lather over his face, and do my best not to irritate his skin, dotted here and there with small dilated capillaries. From age and fatigue, his eyes have sunk deep into their sockets, and his nose looks too prominent for his emaciated features. But, still flaunting the plume of hair—now snow white—that has always crowned his tall frame, he has lost none of his splendor.

All around us, a lifetime's clutter has accumulated; his room calls to mind one of those old persons' attics whose secrets only they can know—a confusion of old magazines, records no longer played, miscellaneous objects. Photos from all the ages of man have been stuck into the frame of a large mirror. There is Dad, wearing a sailor suit and playing with a hoop before the Great War; my eight-year-old daughter in riding gear; and a black-and-white photo of myself on a miniature-golf course. I was eleven, my ears protruded, and I looked like a somewhat simpleminded schoolboy. Mortifying to realize that at that age I was already a confirmed dunce.

I complete my barber's duties by splashing my father with his favorite aftershave lotion. Then we say goodbye; this time, for once, he neglects to mention the letter in his writing desk where his last wishes are set out. We have not seen each other since. I cannot quit my seaside confinement. And he can no longer descend the magnificent staircase of his apartment building on his ninety-two-year-old legs. We are both locked-in cases, each in his own way: myself in my carcass, my father in his fourth-floor apartment. Now I am the one they shave every morning, and I often think of him while a nurse's aide laboriously scrapes my cheeks with a week-old blade. I hope that I was a more attentive Figaro.

Every now and then he calls, and I listen to his affectionate voice, which quivers a little in the receiver they hold to my ear. It cannot be easy for him to speak to a son who, as he well knows, will never reply. He also sent me the photo of me at the miniature-golf course. At first I did not understand why. It would have remained a mystery had someone not thought to look at the back of the print. Suddenly, in my own personal movie theater, the forgotten footage of a spring weekend began to unroll, when my parents and I had gone to take the air in a windy and not very sparkling seaside town. In his strong, angular handwriting, Dad had simply noted: Berck- sur-Mer, April 1963.

Yet Another Coincidence

If you asked readers which of Alexandre Dumas's literary heroes they would like to be, they would pick D'Artagnan or Edmond Dantes. No one would dream of choosing Noirtier de Villefort, a somewhat sinister character in The Count of Monte Cristo. Described by Dumas as a living mummy, a man three- quarters of the way into the grave, this profoundly handicapped creature summons up not dreams but shudders. The mute and powerless possessor of the most terrible secrets, he spends his life slumped in a wheelchair, able to communicate only by blinking his eye: one blink means yes; two means no. In fact, dear Grandpapa Noirtier, as his granddaughter affectionately calls him, is literature's first—and so far only—case of locked-in syndrome.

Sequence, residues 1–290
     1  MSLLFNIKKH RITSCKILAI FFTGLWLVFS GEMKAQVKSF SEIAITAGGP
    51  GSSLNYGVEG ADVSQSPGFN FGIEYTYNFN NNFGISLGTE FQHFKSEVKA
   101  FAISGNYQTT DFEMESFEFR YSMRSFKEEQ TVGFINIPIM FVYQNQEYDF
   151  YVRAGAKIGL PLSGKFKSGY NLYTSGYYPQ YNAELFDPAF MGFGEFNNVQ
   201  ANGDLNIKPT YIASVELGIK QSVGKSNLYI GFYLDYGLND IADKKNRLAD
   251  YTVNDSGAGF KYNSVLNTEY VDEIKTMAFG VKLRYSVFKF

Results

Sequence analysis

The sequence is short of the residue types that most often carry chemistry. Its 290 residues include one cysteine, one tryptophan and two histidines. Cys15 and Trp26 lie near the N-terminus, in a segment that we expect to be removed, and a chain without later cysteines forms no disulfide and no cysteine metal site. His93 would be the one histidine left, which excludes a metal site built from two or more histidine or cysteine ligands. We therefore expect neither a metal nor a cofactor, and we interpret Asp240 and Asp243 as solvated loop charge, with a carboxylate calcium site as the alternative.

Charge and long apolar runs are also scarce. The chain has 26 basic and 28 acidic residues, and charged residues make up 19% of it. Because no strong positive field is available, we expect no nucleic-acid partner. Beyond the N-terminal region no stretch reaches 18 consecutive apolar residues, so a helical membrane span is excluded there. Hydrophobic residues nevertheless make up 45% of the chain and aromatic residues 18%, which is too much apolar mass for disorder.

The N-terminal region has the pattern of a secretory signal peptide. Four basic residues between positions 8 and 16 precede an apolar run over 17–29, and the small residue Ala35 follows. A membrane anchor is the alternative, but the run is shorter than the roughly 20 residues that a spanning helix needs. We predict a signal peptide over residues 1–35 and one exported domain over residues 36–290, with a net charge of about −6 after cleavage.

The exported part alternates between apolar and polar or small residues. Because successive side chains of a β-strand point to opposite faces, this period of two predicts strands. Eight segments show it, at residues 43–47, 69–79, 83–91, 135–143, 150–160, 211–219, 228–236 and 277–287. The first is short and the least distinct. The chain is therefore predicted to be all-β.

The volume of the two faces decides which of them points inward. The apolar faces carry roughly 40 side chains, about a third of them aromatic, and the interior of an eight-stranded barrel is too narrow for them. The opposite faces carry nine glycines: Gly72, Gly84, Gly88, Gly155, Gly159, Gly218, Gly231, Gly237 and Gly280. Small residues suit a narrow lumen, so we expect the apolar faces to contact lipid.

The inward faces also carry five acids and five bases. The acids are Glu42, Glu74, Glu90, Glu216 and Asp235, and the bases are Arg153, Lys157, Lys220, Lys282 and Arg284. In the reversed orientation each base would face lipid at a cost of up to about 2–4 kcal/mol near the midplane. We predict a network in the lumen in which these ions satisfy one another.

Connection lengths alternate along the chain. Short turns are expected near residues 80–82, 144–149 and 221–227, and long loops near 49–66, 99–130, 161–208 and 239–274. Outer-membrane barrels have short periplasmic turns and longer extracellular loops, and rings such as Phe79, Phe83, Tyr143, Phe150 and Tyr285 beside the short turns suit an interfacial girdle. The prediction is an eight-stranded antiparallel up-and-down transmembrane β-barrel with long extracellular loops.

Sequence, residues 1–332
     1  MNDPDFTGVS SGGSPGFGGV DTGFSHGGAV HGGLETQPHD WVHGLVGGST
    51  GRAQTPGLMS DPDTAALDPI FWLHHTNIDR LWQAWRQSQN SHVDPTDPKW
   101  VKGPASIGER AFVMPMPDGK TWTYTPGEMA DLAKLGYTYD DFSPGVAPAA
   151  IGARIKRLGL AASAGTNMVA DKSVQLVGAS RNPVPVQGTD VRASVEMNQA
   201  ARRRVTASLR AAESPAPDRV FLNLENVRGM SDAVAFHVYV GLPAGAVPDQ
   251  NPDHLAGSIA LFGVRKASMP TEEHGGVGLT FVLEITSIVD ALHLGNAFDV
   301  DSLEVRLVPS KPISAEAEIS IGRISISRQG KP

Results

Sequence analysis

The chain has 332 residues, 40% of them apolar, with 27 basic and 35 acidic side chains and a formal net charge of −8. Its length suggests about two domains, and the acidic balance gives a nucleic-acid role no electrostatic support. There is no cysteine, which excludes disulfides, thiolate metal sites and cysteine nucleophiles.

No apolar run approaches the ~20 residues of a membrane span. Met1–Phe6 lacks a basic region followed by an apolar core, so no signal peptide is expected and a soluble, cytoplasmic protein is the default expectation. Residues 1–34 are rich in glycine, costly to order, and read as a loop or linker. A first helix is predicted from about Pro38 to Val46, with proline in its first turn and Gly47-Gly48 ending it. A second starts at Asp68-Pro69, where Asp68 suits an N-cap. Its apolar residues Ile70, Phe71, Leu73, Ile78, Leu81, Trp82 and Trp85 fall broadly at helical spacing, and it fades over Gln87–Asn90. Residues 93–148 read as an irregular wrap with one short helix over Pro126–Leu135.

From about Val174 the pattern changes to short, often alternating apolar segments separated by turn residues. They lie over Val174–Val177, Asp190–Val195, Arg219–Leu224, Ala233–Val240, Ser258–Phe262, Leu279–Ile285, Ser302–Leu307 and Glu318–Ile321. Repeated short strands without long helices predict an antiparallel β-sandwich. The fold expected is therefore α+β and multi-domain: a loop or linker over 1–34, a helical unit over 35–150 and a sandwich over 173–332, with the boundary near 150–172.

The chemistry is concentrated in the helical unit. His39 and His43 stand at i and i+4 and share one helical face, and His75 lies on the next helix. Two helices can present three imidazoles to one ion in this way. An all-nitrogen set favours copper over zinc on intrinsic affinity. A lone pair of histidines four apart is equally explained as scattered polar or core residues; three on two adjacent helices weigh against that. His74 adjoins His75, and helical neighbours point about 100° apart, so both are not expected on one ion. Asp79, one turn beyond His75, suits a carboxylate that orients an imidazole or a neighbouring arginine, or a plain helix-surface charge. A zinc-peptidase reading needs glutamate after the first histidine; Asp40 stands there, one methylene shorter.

As soon as my mind was clear of the thick fog with which my stroke had shrouded it, I began to think a lot about Grandpapa Noirtier. I had just reread The Count of Monte Cristo, and now here I was back in the heart of the book, and in the worst of circumstances. Ironic—but that rereading had not been purely by chance. I had been toying with the idea of writing a modern, doubtless iconoclastic, version of the Dumas novel. Vengeance, of course, remained the driving force of the action, but the plot took place in our era, and Monte Cristo was a woman.

So I did not have time to commit this crime of lese-majeste. As a punishment, I would have preferred to be transformed into M. Danglars, Franz d'Epinay, the Abbe Faria, or, at the very least, to copy out one thousand times: “I must not tamper with masterpieces.” But the gods of literature and neurology decided otherwise.

Some evenings I have the impression that Grandpapa Noirtier patrols our corridors in a century-old wheelchair sadly in need of a drop of oil. To foil the decrees of fate, I am now planning a vast saga in which the key witness is not a paralytic but a runner. You never know. Perhaps it will work.

The Dream